Several weeks ago, Cathy and I attended a memorial service for our daughter-in-law’s 95-year-old grandfather, Warren Mugler. We listened as his grandchildren and others honored him.

They described a man who was dedicated to his family and disciplined in his daily approach to life; who was truly compassionate, generous and kind to everyone he met. They described a deeply spiritual man who served his family and others with humor, a positive attitude, and an always present, welcoming smile. His generosity and compassion included taking adventure road trips with his grandkids, and paying medical bills for family and church members in need.

Dedication, discipline, compassion, generosity, kindness, service, humor—for 95 years he lived his life according to these traits. He was a happy man, and others were always happy to be in his presence.

Since Warren’s service, I’ve been pondering the traits of happy people and what they contribute to the people in their lives. Well, actually, I’ve been pondering what happiness-supportive traits I may have in common with him and where I may need to refocus.

The two traits that seem to be baseline requirements for a happy life are dedication and discipline. Discover a life path that you want to follow, and do so with dedicated discipline.

Warren was very disciplined in his daily habits. Being a pilot in WWII and for United Airlines required discipline to keep him and others safe. To support his family and raise his children with a loving, spiritual grounding required dedication and discipline.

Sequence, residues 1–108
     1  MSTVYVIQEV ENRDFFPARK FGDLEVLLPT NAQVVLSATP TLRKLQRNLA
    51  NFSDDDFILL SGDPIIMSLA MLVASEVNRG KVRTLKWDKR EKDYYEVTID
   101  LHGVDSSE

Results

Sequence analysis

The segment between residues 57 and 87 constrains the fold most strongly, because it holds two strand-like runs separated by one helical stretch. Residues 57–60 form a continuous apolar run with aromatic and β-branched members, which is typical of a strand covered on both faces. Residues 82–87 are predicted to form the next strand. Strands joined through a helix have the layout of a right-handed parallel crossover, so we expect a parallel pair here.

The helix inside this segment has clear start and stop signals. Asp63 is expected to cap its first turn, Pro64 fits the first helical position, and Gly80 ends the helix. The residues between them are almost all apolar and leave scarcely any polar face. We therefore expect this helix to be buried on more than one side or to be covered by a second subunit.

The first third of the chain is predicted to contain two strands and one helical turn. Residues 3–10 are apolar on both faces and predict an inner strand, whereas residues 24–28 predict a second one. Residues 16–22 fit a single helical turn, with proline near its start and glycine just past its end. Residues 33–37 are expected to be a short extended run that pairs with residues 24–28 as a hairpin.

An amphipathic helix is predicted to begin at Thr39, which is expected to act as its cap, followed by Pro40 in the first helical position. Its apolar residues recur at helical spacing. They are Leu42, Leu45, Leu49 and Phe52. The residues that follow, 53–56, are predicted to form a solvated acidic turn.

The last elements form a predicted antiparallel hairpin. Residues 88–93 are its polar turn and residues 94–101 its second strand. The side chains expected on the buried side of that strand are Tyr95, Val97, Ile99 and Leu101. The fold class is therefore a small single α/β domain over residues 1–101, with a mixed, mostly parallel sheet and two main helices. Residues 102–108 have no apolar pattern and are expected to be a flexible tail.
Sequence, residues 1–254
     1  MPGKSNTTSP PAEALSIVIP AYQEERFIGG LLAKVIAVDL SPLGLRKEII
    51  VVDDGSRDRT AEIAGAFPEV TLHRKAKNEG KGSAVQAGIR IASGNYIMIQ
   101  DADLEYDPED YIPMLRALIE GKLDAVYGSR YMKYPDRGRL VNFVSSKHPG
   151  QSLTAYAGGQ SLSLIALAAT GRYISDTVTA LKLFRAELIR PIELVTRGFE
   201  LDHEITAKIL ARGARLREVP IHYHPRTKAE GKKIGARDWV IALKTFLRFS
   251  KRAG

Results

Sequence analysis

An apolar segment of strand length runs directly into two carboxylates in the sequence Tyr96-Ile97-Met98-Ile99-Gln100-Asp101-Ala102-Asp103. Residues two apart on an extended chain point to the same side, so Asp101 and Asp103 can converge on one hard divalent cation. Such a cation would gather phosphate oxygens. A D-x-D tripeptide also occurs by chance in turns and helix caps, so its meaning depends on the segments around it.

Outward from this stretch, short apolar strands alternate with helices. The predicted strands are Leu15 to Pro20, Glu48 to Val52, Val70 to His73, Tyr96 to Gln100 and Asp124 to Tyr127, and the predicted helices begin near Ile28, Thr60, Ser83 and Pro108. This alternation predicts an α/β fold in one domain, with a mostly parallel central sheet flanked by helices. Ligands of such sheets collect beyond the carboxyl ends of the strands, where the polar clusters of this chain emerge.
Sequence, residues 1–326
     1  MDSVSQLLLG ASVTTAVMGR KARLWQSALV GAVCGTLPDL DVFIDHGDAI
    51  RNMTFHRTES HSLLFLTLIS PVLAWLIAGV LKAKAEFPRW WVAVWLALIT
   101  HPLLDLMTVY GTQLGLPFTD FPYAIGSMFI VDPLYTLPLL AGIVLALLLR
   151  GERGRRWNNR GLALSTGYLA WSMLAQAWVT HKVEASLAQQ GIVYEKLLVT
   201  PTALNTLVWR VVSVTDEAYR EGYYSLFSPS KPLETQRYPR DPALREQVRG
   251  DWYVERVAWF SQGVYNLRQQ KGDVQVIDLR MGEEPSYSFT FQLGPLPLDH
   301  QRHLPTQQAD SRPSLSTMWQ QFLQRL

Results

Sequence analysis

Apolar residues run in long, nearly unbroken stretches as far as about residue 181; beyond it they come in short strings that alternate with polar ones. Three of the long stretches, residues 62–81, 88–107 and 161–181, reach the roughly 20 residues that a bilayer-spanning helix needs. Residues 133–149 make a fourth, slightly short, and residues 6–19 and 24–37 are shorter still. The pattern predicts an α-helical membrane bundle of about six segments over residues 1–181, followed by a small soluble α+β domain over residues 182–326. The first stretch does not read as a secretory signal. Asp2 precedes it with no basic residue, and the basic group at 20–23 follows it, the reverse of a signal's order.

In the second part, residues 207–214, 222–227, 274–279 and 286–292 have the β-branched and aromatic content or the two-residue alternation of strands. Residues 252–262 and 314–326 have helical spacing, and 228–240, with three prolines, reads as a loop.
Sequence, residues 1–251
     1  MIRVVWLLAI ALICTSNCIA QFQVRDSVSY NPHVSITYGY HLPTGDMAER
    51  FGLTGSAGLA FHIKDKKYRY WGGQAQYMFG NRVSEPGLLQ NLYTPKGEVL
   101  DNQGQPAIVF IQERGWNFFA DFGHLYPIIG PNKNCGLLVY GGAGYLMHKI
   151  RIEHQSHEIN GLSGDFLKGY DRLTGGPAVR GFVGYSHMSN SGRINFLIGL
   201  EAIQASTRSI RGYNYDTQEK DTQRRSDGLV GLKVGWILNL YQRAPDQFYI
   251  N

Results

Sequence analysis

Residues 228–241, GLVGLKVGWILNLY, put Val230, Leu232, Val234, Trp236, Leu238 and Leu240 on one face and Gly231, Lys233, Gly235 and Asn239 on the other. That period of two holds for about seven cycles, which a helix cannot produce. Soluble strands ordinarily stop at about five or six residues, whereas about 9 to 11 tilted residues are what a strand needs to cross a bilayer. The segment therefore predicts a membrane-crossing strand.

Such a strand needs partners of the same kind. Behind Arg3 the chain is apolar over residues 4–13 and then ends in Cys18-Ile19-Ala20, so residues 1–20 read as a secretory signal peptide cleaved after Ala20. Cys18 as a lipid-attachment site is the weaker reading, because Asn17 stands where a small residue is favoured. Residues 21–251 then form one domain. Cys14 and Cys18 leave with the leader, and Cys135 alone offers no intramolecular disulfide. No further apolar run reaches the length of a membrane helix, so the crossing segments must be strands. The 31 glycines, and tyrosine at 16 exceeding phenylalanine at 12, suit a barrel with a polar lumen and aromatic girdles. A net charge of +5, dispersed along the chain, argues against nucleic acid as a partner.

And then there’s me. Some days, it seems that my most deep-seated dedication is to the absolute avoidance of self-discipline. On those days, my mantra seems to be “I don’t want to. I don’t have to,” whenever I attempt to exert a little self-discipline over my contrary mind.

This is not a new challenge for me. At various times in my life, I have rebelled against authority, over-indulged in unhealthy activities, and allowed my willpower to lie fallow. I called it being a free spirit. Results were mixed.

At age 70, my nature is a little less rebellious. My willpower has allowed me to give up some old, destructive habits. And yet, I break promises to myself every day. “I will do 10,000 steps tomorrow.” (I’m tired; someone called; it’s too hot; 5,000 is enough today.) “I will write a blog every week.” (I’m behind about 50 weeks now.) I have a couple of others, but you get the idea.

The thing is, I like being happy. If being undisciplined made me happy, I wouldn’t be writing this; I would be writing the book—How to be Undisciplined and Live a Happy Life. (It could be a best seller.) Breaking the promises to myself and not exercising the discipline to do the things that make me feel better—physically, mentally and spiritually—does not make me happy.

My work in the coming weeks is to refocus on what I know will bring more healthy discipline back into my daily life—more meditation, more movement, more expressions of gratitude for all that I have, more study of other thought leaders, more acknowledgment of what I actually do accomplish, and more writing about it all.

Will Power Ascending,